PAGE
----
Today, Oct. 5, is being observed by some conservative Protestant pastors and churches as “Pulpit Freedom Sunday” (PFS). Since 2008, a number of preachers across the country have participated in PFS, giving partisan political endorsements in their sermons.
These pastors are willing to defy the law in order to defend their right to freedom of speech—and to promote political positions and candidates that they think are biblically correct.
Since 1954, tax-exempt religious organizations have been barred from endorsing parties or candidates. The new U.S. tax code enacted then is sometimes referred to as the Johnson Amendment, as it was first proposed by then-Senator Lyndon B. Johnson.
The Alliance Defense Fund (ADF) was founded in 1994 by Bill Bright, James Dobson, D. James Kennedy, and Donald Wildmon (not to be confused with Thinking Friend Donald Wideman), among a number of other conservative Christian leaders.
In 2012, the ADF changed its name to Alliance Defending Freedom, but both before and after the name change ADF has been a leader among Christians organizations opposing the Johnson Amendment and advocating PFS as “a strategic litigation plan.”
Through “tactical lawsuits” against the IRS, the ADF says they are seeking “to restore the right of each pastor to speak scriptural Truth from the pulpit about moral, social, and governmental issues.”
They eagerly desire for each pastor to be able to speak freely from the pulpit “without fear of losing his [sic] church’s tax-exempt status.” (These quotes are from this website.)
The ADF claims the Johnson Amendment is an unconstitutional restriction of legitimate Christian discourse and a violation of the First Amendment to the U.S. Constitution, which guarantees freedom of speech.
The same website gives the names and location of the 1,225 churches across the nation that observed PFS last year, down considerably from the 1,620 churches that participated in 2012. That decrease was partly due to a lawsuit.
In November 2012 the Freedom From Religion Foundation (FFRF) filed a lawsuit over conservative preachers openly defying those restrictions. (View that document here.)
That lawsuit was settled in July of this year. The FFRF claimed victory, as the IRS has now instituted a protocol for investigating tax-exempt churches and religious organizations involved in political activity.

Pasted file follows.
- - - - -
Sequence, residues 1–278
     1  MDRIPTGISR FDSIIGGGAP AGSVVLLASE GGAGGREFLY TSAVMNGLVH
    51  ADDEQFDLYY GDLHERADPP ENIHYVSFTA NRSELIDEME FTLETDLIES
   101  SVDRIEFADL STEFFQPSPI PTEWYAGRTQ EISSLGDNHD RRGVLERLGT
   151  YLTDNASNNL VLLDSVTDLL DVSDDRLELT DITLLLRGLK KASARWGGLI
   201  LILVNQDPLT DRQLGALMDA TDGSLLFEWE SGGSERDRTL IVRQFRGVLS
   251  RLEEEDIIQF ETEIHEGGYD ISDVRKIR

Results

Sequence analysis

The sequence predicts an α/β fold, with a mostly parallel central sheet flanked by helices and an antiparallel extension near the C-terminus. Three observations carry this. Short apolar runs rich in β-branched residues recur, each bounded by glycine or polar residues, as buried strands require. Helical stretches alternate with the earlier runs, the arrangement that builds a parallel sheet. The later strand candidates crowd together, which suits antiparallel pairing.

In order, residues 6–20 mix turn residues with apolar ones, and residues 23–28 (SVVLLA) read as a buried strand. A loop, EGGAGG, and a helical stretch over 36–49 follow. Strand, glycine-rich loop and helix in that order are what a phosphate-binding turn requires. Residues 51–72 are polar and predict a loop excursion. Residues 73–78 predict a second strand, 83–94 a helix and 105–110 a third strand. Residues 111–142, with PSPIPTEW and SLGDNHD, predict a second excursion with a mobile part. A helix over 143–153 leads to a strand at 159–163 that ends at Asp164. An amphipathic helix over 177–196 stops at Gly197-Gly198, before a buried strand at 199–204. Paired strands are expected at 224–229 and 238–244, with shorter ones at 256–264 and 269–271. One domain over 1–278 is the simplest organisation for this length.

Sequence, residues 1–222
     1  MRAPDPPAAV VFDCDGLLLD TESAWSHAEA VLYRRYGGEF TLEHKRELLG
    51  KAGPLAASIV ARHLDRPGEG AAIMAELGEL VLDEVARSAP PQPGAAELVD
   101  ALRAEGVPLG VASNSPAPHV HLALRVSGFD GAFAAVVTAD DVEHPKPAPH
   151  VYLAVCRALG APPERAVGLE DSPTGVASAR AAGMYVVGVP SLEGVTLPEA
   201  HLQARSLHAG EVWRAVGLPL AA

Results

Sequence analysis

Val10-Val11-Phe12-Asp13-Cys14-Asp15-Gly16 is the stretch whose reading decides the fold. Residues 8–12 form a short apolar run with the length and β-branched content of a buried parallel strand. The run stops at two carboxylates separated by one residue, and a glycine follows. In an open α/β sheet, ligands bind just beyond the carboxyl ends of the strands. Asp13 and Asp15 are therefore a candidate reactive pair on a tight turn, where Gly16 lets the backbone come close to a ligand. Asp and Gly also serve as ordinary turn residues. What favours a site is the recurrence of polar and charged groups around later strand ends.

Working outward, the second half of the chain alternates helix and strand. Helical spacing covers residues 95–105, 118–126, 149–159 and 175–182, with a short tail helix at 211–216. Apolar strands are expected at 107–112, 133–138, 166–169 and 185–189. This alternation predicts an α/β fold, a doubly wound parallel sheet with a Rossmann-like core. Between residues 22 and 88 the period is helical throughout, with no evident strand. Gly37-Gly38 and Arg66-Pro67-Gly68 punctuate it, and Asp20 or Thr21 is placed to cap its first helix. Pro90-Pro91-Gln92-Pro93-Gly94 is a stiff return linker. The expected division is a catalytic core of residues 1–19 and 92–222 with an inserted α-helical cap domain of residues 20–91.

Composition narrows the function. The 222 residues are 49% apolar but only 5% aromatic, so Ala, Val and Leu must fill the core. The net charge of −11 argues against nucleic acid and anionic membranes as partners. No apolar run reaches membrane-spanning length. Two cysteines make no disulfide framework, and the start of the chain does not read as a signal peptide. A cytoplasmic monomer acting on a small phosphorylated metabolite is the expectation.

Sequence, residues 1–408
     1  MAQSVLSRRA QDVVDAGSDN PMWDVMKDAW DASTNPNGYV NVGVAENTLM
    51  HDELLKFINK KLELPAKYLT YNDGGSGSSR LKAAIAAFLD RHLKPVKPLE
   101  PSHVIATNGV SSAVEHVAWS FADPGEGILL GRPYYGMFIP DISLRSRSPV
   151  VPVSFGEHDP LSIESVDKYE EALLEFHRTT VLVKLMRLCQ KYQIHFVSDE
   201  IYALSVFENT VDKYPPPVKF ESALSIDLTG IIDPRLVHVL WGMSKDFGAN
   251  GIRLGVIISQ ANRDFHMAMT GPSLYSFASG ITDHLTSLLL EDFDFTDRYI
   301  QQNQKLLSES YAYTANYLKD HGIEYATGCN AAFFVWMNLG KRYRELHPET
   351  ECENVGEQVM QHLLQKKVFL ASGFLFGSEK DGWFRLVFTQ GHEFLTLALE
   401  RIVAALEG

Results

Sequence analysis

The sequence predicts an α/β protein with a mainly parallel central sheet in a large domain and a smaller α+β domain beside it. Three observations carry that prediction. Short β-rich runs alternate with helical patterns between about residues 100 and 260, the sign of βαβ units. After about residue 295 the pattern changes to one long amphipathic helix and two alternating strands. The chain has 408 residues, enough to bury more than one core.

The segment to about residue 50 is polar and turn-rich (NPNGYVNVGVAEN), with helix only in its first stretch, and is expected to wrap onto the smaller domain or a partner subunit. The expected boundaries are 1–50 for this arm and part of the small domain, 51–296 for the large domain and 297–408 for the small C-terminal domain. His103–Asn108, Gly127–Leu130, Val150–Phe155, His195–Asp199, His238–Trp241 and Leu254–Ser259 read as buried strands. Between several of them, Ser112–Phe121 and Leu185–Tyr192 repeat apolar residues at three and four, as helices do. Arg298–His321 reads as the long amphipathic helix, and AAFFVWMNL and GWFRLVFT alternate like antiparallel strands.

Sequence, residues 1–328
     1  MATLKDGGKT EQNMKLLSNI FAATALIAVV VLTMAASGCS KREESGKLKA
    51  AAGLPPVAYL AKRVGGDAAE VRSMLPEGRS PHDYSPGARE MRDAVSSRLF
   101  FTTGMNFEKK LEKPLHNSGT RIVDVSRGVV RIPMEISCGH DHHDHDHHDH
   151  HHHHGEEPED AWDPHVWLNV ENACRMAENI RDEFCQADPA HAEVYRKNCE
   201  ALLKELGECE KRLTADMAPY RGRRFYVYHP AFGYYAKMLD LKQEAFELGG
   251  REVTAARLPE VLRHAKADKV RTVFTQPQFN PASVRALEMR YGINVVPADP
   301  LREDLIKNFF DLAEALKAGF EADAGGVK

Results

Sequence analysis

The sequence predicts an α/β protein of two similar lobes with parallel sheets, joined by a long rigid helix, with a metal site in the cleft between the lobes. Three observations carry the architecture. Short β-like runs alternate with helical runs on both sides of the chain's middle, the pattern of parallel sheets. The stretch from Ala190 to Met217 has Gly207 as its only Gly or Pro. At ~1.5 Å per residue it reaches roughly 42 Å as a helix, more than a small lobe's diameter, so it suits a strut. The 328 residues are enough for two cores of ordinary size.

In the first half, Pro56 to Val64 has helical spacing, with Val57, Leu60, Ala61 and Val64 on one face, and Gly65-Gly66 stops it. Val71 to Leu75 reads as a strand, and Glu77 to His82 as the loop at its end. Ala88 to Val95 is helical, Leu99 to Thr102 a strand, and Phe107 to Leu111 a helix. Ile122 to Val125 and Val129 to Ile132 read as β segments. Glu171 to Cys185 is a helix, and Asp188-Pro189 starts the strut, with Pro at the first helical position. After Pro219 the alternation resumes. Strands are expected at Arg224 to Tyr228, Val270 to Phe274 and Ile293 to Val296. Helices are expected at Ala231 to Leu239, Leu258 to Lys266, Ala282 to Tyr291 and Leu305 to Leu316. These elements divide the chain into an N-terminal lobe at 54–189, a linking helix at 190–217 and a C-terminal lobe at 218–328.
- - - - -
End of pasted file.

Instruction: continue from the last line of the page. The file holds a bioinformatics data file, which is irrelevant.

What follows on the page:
This has not deterred the ADF from actively promoting PFS—and some 1,500 churches are expected to participate today.
Matt Barber, vice president of Liberty Counsel Action (LCA), spoke about PFS at the June 2014 Faith & Freedom Coalition's "Road to Majority" conference in Washington, D.C.
Thousands of pastors, Barber noted, have disobeyed the IRS law in acts of civil disobedience on Pulpit Freedom Sunday. LCA, headed by Mathew Staver, dean of Liberty University School of Law, wants the IRS to take punitive action so that they can challenge the law in courts.
Presently, all 50 states and the District of Columbia exempt churches from paying property tax. Moreover, donations to churches are tax-deductible. In stark contrast to ADF, LCA and other such groups, though, there are others who are asking if such tax exemptions are actually contrary to separation of church and state. That may well be the case.
So what is really at stake on this Pulpit Freedom Sunday is not the freedom to speak, but the freedom not to pay taxes, which may be questioned under the best of conditions. At present, if churches are willing to give up their tax exempt status, their pastors are completely freely to say what they want from their pulpits.
That is probably sufficient freedom—for today and for every Sunday.